On February 17, 2022, FDA issued a warning to consumers that a variety of powdered infant formulas produced at Abbott Nutrition’s Sturgis, Mich., facility, may not be safe for consumption. The FDA notice came following reports of illness in four infants, which may have resulted in at least two deaths. Abbott initiated a voluntary recall of products and lot numbers identified on the same day, but denies culpability.
An FDA investigation discovered that multiple lots of formula produced at the facility were adulterated due to the unsanitary conditions found in the facility. Testing of environmental swabs and product samples linked the facility to a Cronobacter sakazakii outbreak. The agency also determined that the plant was in violation of current good manufacturing practice requirements, so Abbott temporarily closed the facility to address the corrective actions needed.
The plant closure has reportedly resulted in more than 40% of the U.S. supply of baby formula being sold out nationwide, with retailers rationing existing inventory. It’s been almost four months, and the shortage remains, with desperate parents waiting for a solution. It’s been estimated that millions of babies are currently not receiving the formula they need due to the shortage.
What’s Been Done?
During this time, FDA has leveraged its authority to bolster the supply of products that serve as the sole source of nutrition for many infants, while ensuring that the infant formula can be used safely and that it provides adequate nutrition.
In mid-May, the President Biden invoked the Defense Production Act, which looked to streamline the production and shipping of formula components and ingredients to factories to ensure production increases back to safe levels as quickly as possible. One measure taken to alleviate the growing shortage was to launch Operation Fly Formula, a plan designed to speed up the import of infant formula. FDA has also issued a Draft Guidance Document allowing temporary enforcement discretion on certain formulas and has engaged with global producers on the new expedited importation approval procedures to further bolster supply.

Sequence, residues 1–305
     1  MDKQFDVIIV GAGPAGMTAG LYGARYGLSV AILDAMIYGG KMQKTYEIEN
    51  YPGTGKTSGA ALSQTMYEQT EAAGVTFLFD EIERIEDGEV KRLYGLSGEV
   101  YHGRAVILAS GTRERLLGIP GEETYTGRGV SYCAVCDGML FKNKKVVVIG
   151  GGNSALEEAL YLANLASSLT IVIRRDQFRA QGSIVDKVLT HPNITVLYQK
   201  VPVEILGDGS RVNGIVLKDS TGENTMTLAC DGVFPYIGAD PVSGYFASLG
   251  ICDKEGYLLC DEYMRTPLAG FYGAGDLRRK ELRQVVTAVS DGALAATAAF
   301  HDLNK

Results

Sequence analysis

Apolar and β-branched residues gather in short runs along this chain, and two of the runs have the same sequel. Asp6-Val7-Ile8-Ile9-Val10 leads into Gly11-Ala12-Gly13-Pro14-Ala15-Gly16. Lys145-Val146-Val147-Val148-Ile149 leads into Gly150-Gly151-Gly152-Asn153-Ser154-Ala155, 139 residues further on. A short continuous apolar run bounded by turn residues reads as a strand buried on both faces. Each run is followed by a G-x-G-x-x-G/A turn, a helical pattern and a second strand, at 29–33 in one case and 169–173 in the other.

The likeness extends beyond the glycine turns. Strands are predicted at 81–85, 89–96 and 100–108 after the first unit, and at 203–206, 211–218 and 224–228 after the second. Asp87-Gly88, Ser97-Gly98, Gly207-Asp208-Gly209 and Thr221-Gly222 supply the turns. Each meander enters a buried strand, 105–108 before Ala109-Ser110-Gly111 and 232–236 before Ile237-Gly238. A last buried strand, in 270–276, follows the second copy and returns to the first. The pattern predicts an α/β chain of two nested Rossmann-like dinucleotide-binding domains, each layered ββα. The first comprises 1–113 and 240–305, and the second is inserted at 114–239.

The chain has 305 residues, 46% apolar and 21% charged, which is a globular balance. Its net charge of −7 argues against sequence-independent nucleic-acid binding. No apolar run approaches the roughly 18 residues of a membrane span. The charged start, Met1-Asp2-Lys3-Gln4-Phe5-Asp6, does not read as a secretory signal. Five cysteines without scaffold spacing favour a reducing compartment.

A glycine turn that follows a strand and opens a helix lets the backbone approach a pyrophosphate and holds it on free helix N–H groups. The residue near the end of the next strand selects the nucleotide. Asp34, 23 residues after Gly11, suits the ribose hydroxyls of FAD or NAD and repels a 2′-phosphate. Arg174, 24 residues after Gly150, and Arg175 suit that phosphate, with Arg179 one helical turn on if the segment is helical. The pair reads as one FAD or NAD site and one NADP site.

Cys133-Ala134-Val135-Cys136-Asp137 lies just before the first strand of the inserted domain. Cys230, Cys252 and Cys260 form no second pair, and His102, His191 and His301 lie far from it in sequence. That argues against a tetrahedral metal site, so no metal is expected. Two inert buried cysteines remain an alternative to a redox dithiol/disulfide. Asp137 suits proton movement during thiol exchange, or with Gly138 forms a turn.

Kendamil, a British baby formula company that has yet to gain approval for sale in the United States, was one of the first to respond to the agency’s request to participate, reaching out to FDA director Robert Calliff offering to help. A few days later, FDA released its guidance and Kendamil pulled together a 100-page report that was submitted to FDA in three days. “The FDA worked long hours with us … to process the approval as quickly as possible,” Will McMahon, co-founder of Kendamil, tells Food Quality & Safety. “Given our formula is already nutritionally compliant with FDA standards and the agency was familiar with our quality control processes, both parties were able to work effectively together.”
Kendamil has pledged two million cans of infant formula—the equivalent of at least 54 million 8-ounce bottles, to the United States over the next six months.
The first shipments as part of Operation Fly Formula will began arriving June 9 on flights donated by United Airlines. These flights over a 10-day period will contain more than 300,000 pounds—or approximately 3.7 million 8-ounce bottle equivalents—of Kendamil infant formula. “Everyone from the FDA to HHS to Customs and Border Patrol have all been extremely responsive and treating this with the urgency it requires, working long hours, through the weekends, to get this over the line,” McMahon adds.
Other actions taken by FDA include expedited review of notifications of manufacturing changes that will help increase supply; exercising enforcement discretion on minor labeling issues to help increase volume as quickly as possible; and allowing Abbott Nutrition to produce formula for individuals needing urgent, life-sustaining supplies of certain specialty and metabolic formulas that have been on hold at its Sturgis facility.
FDA expects that the measures it’s taken, along with the June 4 reopening of the Sturgis facility will alleviate the shortage. “We will ramp up production as quickly as we can while meeting all [FDA] requirements,” an Abbott spokesperson tells Food Quality & Safety. “We understand the urgent need for formula and our top priority is getting high-quality, safe formula into the hands of families across America.”
Additionally, USDA has announced that, under the Access to Baby Formula Act signed in late May, it is offering waivers to ensure that families can use benefits from the Special Supplemental Nutrition Program for Women, Infants, and Children (WIC) to purchase formula outside what is typically designated for the program.
The U.S. Department of Health and Human Services’ Office of Inspector General has launched an audit into FDA’s overall response to the crisis, examining whether it upheld its duty to safeguard the nation’s food supply and ensure that all ingredients are safe. FDA has stated it will cooperate fully with the watchdog’s review.